Table 1 Mean coefficients of relationship within a colony sample and between the sample and the remaining stock, including number of successfully extracted probes

Variant calling discovered 67′056’755 raw biallelic SNPs. After the variant quality score recalibration and filtering, 32′615’461 (incl. 945′565 SNPs on chr. X) total non-monomorphic SNPs, thereof 4′121’427 (incl. 263′498 on chr. X) novel SNPs not documented in dbSNP were retained. Discarding loci, monomorphic in the minipigs and X-chromosomal loci for the analysis within minipigs left a data set containing 16′498’773 autosomal SNPs.

Principal component analysis

Principal component analysis (PCA) on the reference allele frequencies shows clear separation of the GMPs, Asian and European breeds, with the Mini-LEWE clustering close to the Asian breeds, by the first component (Fig. 1). The second component separates the Asian breeds from GMPs and Europeans. In the context of multiple breeds, no structure can be observed within the GMPs. Separate analysis shows three sub-groups within the GMPs consisting of the RE colony, NR colony and a composite group of DA2, DA3 and NI.

Fig. 1
figure1

PCA based on pairwise comparisons of reference allele frequencies in all pools (top) and GMP DNA pools only (bottom); Variance explained by PC in brackets. Distribution of variance explained by PC’s on the right

Differentiation and distance measures

As measures of differentiation and genetic distance between the different breeds, FST and the Reynolds genetic distance (DR) were estimated. When applied to the variable set of large breeds and minipig pools, both measures provided a similar picture of three strongly differentiated groups (Table 2). In principle, these three groups were the minipigs, the European breeds and the Asian breeds, respectively, with the exception, that the Mini-LEWE pool clustered with the Asian group. Comparing FST against DR, the latter showed generally higher estimates, relatively inflated at moderate levels of differentiation/ distance (Fig. 2), but provided in general a very similar picture. Therefore, only FST was used for later purposes, such as the functional annotation. Focusing on the differentiation within the three groups, the GMP exhibited the lowest average differentiation (FST: 0.07; DR: 0.11; see also Additional File 1: Supplementary Table 1), the European (FST: 0.16; DR: 0.25) the second lowest and the Asian the highest (FST: 0.27; DR: 0.37) (Table 2). The average differentiation to other groups was higher than the differentiation within the groups, clearly so for minipigs and for European breeds, but not that clearly for the Asian breeds. The latter exposed an even lower average DR (0.36 vs 0.37) and FST (0.26 vs. 0.27) to the GMP than within the group of Asian breeds.

Table 2 Mean FST and DR between European and Asian breeds and GMP
Fig. 2
figure2

Genome wide FST vs. Reynolds distances for all pairwise comparisons. Comparisons within breed types in the respective colors, comparisons between breed types in grey

Phylogeny

The UPGMA tree (Fig. 3) produced from FST values calculated with genome wide SNP data shows a clear clustering of the GMPs from the other breeds. The next level clusters contain (in that order) Xiang, Meishan, South Chinese wild boars, the Mini-LEWE and the North Chinese wild boars. The European breeds form their own cluster. Throughout 100 resamplings, the GMP cluster, the Mini-LEWE cluster and European cluster are rediscovered in every iteration, while the nodes connected to the Asian breeds seem unstable with resampling probability between 18 and 87%, with the exception of the Japanese wild boar, that behaves like an outgroup sample. Even though, the European and the GMP clusters are distinct, the order within the clusters is variable. The node support within the European cluster spans from 56 to 72%, and between 18 to 86% in the GMP cluster. The most stable structure with 86% contains the RE pools and the least stable (18%) contains the DA and NI herds.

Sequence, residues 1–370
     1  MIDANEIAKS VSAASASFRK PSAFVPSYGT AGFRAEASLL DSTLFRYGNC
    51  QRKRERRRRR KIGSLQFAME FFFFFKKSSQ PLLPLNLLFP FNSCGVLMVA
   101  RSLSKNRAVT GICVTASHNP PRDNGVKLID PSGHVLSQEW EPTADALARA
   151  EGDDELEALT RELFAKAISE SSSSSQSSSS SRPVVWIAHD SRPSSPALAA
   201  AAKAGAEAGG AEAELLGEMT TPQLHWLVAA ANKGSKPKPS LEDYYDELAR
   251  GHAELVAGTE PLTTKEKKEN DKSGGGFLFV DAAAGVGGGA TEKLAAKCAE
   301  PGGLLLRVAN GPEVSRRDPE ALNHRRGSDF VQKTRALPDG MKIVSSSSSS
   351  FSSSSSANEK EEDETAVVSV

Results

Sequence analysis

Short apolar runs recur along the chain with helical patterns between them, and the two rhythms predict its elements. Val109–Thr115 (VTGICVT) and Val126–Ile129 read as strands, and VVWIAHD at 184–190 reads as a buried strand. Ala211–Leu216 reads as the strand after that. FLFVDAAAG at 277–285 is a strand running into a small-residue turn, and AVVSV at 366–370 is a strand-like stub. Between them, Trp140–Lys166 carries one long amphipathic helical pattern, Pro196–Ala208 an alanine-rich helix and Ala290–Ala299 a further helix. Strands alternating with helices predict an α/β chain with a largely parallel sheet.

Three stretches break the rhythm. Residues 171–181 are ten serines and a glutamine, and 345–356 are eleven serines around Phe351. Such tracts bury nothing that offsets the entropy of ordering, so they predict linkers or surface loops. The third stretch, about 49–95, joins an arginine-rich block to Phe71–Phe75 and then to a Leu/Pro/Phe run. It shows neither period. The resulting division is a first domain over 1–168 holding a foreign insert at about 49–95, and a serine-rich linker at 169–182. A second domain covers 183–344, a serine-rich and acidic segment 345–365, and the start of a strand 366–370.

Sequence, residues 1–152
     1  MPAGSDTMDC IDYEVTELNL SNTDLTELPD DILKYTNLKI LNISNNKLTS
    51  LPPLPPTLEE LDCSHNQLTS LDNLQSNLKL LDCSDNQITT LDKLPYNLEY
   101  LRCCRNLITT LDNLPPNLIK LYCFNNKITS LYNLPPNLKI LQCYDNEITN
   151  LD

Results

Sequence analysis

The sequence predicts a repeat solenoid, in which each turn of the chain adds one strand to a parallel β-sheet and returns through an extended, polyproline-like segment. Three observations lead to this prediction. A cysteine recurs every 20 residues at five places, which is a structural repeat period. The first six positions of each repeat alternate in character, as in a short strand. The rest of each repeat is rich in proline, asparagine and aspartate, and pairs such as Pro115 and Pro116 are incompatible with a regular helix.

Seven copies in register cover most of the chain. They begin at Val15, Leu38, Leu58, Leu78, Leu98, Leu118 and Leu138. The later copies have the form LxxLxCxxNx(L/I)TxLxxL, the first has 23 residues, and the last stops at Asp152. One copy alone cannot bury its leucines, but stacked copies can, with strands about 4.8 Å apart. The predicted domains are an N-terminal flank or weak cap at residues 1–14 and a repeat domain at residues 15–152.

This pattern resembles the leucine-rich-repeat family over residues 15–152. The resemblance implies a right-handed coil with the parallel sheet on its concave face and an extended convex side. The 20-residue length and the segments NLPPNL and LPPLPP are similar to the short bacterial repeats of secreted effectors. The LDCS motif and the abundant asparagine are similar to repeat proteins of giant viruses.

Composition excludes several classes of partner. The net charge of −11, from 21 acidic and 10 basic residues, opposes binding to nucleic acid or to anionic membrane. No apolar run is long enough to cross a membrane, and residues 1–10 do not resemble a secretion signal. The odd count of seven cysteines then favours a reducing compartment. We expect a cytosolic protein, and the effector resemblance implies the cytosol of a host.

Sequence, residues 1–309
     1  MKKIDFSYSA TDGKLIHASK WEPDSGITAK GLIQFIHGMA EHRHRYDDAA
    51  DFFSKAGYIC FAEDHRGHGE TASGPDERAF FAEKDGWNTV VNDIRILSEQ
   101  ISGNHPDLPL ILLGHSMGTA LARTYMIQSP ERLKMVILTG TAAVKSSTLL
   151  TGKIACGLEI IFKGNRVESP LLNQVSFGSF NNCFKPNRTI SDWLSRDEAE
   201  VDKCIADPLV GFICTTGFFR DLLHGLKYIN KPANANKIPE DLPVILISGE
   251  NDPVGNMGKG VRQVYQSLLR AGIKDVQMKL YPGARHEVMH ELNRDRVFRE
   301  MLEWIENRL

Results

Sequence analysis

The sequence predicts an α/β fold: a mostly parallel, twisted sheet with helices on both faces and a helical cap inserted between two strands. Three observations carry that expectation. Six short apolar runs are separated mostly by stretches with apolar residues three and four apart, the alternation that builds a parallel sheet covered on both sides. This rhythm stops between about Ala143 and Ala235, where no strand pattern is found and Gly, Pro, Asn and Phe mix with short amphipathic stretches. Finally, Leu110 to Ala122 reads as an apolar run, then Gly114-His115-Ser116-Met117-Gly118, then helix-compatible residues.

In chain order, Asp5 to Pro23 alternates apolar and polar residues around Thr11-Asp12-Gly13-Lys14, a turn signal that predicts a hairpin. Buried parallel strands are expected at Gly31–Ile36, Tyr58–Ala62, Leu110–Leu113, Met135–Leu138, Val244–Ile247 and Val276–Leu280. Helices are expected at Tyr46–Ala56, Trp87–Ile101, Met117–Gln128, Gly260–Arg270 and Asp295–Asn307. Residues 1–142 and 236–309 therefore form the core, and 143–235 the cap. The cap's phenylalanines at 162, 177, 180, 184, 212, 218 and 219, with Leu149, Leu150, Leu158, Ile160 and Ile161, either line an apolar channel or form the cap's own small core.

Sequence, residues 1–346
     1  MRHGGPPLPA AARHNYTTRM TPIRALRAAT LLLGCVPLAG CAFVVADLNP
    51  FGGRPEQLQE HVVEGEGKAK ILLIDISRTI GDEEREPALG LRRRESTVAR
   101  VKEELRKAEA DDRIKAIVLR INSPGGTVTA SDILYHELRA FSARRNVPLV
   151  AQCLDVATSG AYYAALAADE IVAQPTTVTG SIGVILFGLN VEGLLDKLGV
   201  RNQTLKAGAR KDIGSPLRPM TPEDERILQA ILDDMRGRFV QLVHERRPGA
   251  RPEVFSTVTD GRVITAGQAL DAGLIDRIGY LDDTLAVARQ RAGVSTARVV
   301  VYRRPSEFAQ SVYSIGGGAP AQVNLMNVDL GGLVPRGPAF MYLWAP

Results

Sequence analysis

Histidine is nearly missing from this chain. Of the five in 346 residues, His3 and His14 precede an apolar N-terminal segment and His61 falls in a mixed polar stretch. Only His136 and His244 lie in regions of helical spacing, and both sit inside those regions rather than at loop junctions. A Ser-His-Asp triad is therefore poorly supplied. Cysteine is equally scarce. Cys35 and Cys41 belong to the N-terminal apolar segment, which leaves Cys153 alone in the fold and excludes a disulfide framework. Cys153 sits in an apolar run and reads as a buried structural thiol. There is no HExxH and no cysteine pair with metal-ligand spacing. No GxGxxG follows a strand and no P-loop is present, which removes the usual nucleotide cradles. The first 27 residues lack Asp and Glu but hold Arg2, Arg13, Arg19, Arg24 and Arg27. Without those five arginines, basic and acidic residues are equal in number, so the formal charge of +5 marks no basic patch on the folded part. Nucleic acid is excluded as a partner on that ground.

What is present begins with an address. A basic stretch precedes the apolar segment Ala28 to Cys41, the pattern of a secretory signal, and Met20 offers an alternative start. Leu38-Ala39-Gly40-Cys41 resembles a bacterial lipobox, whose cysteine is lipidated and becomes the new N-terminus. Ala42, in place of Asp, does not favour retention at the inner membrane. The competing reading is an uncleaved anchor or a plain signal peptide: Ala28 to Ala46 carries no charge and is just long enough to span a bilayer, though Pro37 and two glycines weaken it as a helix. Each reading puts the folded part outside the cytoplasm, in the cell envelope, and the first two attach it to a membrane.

Fig. 3
figure3

UPGMA tree based on genome-wide FST values; resampling frequency based on 100 random samples of 100 loci in rectangles

Stratification within the GMP

The genetic differences within the GMP were determined by comparing pools in terms of allele frequency differences, such as oppositely fixed alleles, extreme FST values between colonies, differences in the average expected heterozygosity within pools by a variation based approach employing an F-test statistic. Resulting loci detected by the aforementioned statistics were functionally annotated and imbalances between the various classes were checked for potential biases towards differentiated loci.

Significance test of pool allele frequencies between and within colonies

The F-test compared the variation between the two pools with the variation between one of the pools against one foreign pool and could, in contrast to FST, add probabilistic evidence on differentiation between pools. On average, the NI colony had the lowest proportion of significantly (p = 0.05, Bonferroni corrected) differentiated loci, overall 4.7%, followed by DA3 and 2 with 5.3 and 5.4%, respectively, and RE with 5.7%. With 6.9%, NR had the highest proportion of significantly differentiated loci (Table 3; Supplementary Table 2). Focusing on the colonies separately (Fig. 4), only RE had comparable amounts of differentiated loci with all others. From the perspective of DA, NI, and NR, the level of differentiation to RE was clearly highest throughout all comparisons, while the number of evaluated loci was relatively even throughout the comparisons. This means, e.g. RE pools could be significantly different from NR at a locus, since Variation within NR is low, and the average allele frequency in RE is far while using the more variable RE as a basis, the NR frequency is ranging within the variation of RE. Mostly both tested pools of a colony showed a similar amount of differentiation with the exception of NR versus the two NI pools. The highest proportion of differentiated loci was found, when NR was tested against the two RE pools.